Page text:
Tea purveyor seeks escape from county demolition


A legal tug of war between county officials and a Lagunitas homeowner who is trying to hold onto a home he has built outside of county regulations appeared to give way late last week, after a county court denied an appeal by David Lee Hoffman to keep the county from seizing what he described as his “life’s work.”

A decision on Friday by Judge Roy Chernus effectively reinstates a ruling requiring that Mr. Hoffman turn over his home and pay a $226,000 fine for evading environmental health regulations and zoning and other building permits.

Now, the fate of Mr. Hoffman’s more than 40-year effort to design a model of sustainable living rests partly in the hands of supporters and an attempt to enshrine the property as a national historic landmark.

“The outcome is certainly out of my hands,” Mr. Hoffman, a rare tea purveyor who runs a wholesale business called the Phoenix Collection out of his home, said.  “We’re hopeful that there will be enough people out there who would like to see it preserved.”

An application delivered to the county a couple weeks ago by friend John Torrey, who lives nearby Mr. Hoffman, is meant to illustrate the “artistic merit” of the Himalayan-inspired home, whose greenhouses and gardens built amid structures made of bamboo and other recycled materials has drawn praise from sustainable design enthusiasts across the world.

The application was acquired through the state’s Office of Historic Preservation, which offers criteria used to determine national historic landmarks. Municipalities across California are able to declare national landmarks, Mr. Torrey said, noting that the Marin County Board of Supervisors has in place policies used to “identify and evaluate historic resources.”

The recommendation includes a petition containing more than 1,000 signatures from supporters and a series photographs taken by Mr. Torrey’s wife, Guggen Petters. It also includes several letters of support from neighbors and architects, including Sim Van der Ryn, a leader in sustainable architecture who has consulted with Mr. Hoffman.  

In one of the letters, Mr. Van der Ryn wrote that he was “amazed and delighted to see a bit of the Himalaya so artfully and lovingly built in West Marin.”

Mr. Torrey started the process in August, after he and his wife were invited for a second time to Mr. Hoffman’s home for dinner and wine with friends. There, the group floated ideas about ways to prevent the county from demolishing the property.

Still, the decision Friday upheld a court order issued earlier this year by an administrative law judge to demolish the property. Mr. Hoffman was launched into a legal battle that gained exposure from national news media after a neighbor complained to authorities about Mr. Hoffman building across property lines.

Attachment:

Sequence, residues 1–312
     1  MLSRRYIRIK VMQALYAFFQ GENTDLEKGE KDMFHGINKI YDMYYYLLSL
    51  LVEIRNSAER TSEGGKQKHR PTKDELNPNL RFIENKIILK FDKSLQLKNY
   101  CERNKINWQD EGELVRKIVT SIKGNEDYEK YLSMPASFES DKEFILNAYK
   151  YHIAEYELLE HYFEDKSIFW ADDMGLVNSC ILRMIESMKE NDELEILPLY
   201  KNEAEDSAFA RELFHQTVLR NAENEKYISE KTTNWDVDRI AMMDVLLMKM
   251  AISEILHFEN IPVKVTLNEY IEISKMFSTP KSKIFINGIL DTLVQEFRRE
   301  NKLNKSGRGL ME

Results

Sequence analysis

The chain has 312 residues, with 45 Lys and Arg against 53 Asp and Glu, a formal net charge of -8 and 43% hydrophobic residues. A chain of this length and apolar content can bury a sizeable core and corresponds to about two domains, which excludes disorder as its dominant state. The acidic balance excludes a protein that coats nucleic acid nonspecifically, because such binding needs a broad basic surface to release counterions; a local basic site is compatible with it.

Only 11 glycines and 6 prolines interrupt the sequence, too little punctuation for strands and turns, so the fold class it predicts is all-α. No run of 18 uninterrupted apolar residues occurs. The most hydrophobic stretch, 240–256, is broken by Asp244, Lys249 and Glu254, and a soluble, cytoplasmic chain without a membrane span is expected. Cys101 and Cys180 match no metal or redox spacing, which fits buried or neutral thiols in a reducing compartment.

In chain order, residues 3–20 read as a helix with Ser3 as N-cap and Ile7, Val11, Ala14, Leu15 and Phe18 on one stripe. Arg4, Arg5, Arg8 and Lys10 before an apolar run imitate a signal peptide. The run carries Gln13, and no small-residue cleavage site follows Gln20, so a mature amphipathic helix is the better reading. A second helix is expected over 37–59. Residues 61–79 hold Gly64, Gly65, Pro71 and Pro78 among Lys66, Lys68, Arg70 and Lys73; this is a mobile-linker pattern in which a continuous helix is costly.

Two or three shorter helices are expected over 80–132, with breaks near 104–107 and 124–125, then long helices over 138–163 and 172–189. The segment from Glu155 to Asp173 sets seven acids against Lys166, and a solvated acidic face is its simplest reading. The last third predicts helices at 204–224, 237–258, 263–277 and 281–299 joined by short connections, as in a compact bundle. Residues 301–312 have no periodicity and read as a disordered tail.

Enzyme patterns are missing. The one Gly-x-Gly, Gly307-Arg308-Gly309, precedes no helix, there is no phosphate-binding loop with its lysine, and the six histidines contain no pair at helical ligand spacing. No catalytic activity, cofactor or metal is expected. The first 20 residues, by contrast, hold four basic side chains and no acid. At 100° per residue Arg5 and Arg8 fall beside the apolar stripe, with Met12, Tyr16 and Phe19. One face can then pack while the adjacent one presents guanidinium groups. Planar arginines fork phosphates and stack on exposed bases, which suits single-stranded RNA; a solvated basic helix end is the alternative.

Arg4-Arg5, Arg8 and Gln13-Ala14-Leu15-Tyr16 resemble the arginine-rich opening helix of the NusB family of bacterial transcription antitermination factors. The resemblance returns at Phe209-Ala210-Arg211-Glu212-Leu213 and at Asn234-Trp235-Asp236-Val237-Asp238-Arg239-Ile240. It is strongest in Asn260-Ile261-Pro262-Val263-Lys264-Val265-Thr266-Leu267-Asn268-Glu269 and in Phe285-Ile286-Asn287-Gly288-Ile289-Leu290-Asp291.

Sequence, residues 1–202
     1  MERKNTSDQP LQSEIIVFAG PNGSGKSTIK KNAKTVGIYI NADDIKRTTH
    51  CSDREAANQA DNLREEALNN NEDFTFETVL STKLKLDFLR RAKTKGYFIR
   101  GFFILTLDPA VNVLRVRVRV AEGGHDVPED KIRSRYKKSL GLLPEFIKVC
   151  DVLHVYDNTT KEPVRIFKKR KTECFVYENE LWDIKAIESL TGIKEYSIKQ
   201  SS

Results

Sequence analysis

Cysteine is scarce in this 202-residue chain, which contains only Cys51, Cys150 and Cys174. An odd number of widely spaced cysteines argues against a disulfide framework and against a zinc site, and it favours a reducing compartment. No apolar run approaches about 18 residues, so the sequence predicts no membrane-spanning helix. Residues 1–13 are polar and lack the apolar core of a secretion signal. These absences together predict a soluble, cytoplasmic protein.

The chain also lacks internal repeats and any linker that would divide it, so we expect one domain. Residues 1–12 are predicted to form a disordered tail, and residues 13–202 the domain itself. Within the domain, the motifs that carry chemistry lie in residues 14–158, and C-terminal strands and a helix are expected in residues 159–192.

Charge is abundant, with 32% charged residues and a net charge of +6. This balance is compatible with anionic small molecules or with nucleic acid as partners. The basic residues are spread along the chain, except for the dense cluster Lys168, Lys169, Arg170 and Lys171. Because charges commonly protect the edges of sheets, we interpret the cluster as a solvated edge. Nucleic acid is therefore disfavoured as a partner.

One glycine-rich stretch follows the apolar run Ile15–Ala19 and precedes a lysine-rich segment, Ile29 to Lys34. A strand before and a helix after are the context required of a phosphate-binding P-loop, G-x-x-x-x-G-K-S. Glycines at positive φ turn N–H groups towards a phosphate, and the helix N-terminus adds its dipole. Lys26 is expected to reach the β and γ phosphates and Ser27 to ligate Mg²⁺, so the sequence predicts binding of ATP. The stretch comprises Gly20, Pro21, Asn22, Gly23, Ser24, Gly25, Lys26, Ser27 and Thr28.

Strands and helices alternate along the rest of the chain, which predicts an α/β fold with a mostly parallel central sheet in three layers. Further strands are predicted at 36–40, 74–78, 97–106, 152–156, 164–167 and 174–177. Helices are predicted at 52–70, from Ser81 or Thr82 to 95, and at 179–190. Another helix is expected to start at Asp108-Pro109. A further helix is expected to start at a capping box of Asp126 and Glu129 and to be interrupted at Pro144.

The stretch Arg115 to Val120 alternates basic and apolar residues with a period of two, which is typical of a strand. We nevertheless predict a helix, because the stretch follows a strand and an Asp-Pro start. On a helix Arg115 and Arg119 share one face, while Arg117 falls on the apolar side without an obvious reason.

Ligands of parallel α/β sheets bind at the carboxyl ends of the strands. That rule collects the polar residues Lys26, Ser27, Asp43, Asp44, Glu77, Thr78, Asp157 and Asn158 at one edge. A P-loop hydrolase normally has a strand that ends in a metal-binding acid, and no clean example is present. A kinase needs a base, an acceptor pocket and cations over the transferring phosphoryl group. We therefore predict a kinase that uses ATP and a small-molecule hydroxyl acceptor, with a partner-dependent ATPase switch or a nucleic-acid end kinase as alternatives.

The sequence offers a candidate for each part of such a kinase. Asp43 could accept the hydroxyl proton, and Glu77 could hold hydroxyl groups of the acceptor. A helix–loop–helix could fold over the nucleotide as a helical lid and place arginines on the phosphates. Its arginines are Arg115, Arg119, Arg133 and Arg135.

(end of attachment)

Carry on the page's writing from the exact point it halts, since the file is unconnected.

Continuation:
His home still violates several health codes, even though he has switched to a septic system after years of using self-contained worm composting chambers, a pollution-free method of disposing of waste that is illegal in the county.  

Among the violations is a gray water system that channels sink and shower water to ditches, or moats, along with food scraps digested by worms; the water is then used for gardens bearing potatoes and other vegetables.

“I’ve never seen a property like that,” Armando Alegria, an environmental health supervisor for the county who visited the home last year, said. “The conditions that exist there… are not in compliance with really any regulations.”

But where county officials see broken rules, others see creativity.

Mr. Hoffman’s property blends art with sustainable living; outside the Solar Power Tower Shower, in one example, hovers a life-sized concrete boat suspended above an artificial pond.

Some liken Mr. Hoffman’s property to the Watts Towers in Los Angeles, which was declared a national historic landmark after years of attempts by city officials to tear down the wiry steel and concrete structures that were built without city permission.

The push to demolish the home indicates a dwindling appreciation for ingenuity among authorities, Mr. Torrey said. “Eccentrics, I think, should be occasionally admired, instead of reviled.”

But Mr. Hoffman and his supporters are relying on support from Supervisor Steve Kinsey, who has tried to persuade county officials to lower fines and preserve some of the 30 structures around the property that do not violate any codes.

Those efforts, which Mr. Hoffman described as “lip service,” could materialize with the landmark application that Mr. Torrey placed “right on Kinsey’s desk.”

“The county could, if they wanted to, step in and say, ‘Hey, let’s drop all this legal stuff,” Mr. Torrey said.

Either way, Mr. Hoffman said he plans to remain in the home in which he settled in 1973 with his wife, Ratchanee Chaikamwung, “until [law enforcement] physically remove me.”